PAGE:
Long time residents of Birmingham know that the Altamont ridge has one of the best views in the city, a forested overlook perched 400 feet above Jones Valley.
But did you know that Boston architect, George H. Miller, originally created a plan for the Altamont ridge in 1911, specifically providing for both public and private forested views? In fact, the guiding principal, reiterated in an interview by City Forester Hugh Sloss in 1931, was that:
“Altamont Park was intended to remain a natural, forested green space, enhanced only by selective cleaning and pruning. It was conceived as a neighborhood park, whereas Altamont Road, one link in an imagined longer parkway, was meant for the enjoyment of all of Birmingham’s citizens and visitors. Furthermore, preserving as much vegetation as possible on the north face of Red Mountain allows the City of Birmingham to retain its most notable and defining natural feature.”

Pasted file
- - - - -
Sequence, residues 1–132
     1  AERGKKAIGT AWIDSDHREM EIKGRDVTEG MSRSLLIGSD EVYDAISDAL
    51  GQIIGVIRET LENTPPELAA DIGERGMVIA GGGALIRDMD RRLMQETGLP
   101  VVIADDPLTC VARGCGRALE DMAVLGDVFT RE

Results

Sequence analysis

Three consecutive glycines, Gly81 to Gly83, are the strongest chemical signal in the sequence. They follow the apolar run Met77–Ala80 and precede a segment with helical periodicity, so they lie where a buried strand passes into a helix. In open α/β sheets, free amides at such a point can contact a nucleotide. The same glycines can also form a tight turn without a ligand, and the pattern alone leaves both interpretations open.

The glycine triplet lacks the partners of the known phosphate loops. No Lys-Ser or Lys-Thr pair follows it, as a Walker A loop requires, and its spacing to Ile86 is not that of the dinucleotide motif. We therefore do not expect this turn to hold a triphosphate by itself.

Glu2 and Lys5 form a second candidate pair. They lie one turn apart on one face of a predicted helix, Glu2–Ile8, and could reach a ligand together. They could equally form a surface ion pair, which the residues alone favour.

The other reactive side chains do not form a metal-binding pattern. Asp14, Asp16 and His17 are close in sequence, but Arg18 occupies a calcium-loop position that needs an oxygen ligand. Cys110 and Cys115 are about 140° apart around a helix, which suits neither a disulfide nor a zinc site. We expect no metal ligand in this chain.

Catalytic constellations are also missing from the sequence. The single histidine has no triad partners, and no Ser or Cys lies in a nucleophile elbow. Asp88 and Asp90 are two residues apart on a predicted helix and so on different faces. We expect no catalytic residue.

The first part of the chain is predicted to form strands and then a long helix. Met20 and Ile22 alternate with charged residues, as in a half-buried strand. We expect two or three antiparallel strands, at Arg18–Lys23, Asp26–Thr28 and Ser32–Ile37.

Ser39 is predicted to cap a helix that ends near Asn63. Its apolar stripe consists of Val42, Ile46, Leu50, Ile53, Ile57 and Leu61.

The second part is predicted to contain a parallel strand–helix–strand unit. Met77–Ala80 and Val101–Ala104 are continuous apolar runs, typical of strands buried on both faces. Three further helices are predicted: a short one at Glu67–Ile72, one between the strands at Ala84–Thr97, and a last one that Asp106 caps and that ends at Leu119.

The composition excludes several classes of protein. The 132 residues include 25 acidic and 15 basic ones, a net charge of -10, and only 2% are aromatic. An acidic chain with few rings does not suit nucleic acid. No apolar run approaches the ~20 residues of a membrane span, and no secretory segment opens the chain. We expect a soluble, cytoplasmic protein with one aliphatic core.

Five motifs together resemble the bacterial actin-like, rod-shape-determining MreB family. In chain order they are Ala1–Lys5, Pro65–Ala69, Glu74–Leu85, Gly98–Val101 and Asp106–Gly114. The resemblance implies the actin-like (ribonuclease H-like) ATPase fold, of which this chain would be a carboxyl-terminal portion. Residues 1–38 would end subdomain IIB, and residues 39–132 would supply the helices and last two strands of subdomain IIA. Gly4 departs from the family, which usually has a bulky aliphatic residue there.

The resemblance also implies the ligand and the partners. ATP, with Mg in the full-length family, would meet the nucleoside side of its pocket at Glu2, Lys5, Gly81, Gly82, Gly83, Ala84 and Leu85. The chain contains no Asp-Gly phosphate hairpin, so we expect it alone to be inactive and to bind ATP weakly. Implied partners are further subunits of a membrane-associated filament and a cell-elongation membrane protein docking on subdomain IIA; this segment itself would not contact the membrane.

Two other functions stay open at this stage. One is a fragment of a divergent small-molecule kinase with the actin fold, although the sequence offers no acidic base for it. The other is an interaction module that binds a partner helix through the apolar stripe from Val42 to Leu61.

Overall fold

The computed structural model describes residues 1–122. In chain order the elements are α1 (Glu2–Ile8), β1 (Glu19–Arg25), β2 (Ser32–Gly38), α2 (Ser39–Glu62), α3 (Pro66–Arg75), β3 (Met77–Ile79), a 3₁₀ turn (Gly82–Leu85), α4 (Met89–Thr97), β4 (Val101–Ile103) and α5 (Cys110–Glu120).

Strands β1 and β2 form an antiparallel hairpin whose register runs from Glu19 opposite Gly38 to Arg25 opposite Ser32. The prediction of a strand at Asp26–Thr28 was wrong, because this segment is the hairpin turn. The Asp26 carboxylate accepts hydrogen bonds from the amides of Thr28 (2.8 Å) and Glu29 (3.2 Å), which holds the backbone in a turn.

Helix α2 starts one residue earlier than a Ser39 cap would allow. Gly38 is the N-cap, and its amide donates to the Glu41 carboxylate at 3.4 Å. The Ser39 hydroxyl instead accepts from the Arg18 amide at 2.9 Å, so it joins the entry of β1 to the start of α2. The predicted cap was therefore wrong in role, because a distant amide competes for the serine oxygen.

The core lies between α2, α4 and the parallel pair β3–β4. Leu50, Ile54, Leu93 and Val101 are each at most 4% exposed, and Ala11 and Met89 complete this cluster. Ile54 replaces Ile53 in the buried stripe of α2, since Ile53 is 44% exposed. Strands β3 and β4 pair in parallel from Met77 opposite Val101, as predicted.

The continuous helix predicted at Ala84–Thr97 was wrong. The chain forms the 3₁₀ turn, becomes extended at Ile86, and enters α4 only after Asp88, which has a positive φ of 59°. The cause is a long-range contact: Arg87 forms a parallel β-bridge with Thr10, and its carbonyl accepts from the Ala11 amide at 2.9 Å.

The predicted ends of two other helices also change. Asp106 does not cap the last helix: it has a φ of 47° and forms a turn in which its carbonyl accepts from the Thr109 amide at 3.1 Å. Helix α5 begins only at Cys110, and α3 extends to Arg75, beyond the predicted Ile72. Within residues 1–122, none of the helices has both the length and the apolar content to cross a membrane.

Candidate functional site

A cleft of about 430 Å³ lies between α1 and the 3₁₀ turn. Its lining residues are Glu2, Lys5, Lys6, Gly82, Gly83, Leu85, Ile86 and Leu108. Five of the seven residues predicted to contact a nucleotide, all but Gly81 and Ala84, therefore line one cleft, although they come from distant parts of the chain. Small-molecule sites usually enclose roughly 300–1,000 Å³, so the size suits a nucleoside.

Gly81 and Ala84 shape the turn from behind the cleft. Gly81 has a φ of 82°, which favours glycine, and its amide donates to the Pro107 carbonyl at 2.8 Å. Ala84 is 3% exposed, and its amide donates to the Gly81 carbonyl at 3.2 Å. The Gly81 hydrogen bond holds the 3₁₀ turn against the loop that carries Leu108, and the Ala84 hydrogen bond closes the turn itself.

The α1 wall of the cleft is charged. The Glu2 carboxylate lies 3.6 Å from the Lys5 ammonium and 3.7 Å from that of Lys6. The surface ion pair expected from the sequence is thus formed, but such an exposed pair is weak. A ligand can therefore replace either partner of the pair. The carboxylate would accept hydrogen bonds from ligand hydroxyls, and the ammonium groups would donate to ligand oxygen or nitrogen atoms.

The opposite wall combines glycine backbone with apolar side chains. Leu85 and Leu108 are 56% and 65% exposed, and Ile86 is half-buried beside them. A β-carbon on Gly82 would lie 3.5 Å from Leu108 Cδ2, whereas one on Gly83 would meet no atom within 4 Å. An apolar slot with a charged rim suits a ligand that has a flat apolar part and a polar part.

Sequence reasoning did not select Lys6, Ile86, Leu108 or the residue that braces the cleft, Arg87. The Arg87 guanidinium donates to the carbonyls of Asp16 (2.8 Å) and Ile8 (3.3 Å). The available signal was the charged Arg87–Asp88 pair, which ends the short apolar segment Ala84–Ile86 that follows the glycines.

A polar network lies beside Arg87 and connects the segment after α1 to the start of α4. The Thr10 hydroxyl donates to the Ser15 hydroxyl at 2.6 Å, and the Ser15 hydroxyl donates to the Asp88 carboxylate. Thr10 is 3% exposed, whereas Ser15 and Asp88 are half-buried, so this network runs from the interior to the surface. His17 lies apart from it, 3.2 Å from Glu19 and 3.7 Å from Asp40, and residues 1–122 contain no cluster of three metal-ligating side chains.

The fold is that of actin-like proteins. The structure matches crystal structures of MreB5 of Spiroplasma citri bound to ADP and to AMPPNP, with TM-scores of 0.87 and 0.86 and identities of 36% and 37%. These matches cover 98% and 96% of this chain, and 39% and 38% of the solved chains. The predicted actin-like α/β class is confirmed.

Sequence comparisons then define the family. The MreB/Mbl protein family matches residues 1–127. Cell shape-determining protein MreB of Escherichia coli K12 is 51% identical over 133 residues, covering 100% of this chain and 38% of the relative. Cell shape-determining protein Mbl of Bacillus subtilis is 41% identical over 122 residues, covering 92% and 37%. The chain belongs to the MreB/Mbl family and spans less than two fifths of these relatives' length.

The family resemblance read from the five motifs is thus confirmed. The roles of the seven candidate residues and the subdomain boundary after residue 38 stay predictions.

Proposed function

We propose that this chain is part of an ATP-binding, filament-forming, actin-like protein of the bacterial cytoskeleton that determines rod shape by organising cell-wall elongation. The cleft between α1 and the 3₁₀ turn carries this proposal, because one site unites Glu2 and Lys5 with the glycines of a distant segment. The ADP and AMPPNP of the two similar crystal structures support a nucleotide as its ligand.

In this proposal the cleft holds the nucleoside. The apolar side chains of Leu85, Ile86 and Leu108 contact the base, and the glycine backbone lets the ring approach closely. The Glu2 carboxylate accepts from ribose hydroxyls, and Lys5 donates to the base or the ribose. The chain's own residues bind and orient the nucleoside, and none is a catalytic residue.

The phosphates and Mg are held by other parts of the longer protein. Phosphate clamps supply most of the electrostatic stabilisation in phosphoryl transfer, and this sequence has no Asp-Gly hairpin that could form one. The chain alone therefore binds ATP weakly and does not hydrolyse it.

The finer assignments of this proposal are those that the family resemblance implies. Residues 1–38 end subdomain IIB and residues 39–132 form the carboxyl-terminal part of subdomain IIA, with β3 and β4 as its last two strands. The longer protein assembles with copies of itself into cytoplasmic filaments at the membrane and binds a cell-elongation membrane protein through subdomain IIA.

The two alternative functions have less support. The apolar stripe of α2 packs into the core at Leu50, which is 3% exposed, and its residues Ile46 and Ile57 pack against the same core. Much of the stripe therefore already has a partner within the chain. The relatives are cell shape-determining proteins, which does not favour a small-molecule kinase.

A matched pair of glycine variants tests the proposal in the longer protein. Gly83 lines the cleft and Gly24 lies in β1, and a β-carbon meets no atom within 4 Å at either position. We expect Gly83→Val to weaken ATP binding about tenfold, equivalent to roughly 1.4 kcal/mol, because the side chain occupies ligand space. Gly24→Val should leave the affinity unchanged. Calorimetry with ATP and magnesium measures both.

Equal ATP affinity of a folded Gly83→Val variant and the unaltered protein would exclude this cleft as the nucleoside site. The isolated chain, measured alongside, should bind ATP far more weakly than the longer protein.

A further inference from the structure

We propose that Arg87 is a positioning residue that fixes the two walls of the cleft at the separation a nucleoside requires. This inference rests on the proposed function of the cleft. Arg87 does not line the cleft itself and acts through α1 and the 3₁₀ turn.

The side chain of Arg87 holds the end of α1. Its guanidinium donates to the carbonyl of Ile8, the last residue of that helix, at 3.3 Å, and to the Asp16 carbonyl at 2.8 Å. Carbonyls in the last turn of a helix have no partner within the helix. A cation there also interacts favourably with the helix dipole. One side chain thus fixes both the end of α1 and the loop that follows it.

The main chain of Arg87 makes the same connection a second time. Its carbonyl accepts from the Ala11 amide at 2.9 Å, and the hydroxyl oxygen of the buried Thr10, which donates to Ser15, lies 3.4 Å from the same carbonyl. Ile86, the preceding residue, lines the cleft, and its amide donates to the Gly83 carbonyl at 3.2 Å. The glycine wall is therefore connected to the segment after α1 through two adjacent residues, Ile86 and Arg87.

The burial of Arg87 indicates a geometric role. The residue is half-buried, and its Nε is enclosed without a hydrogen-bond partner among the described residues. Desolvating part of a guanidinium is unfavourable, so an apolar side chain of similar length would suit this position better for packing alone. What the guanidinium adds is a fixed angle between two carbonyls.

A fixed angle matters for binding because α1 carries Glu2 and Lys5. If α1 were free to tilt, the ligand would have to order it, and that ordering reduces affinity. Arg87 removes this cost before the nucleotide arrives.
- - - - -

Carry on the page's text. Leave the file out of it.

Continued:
Read the entire history in Birmingham Historical Society’s latest publication, Altamont – A Portion of Red Mountain and Its Park. (Print copies will be available at a later date.)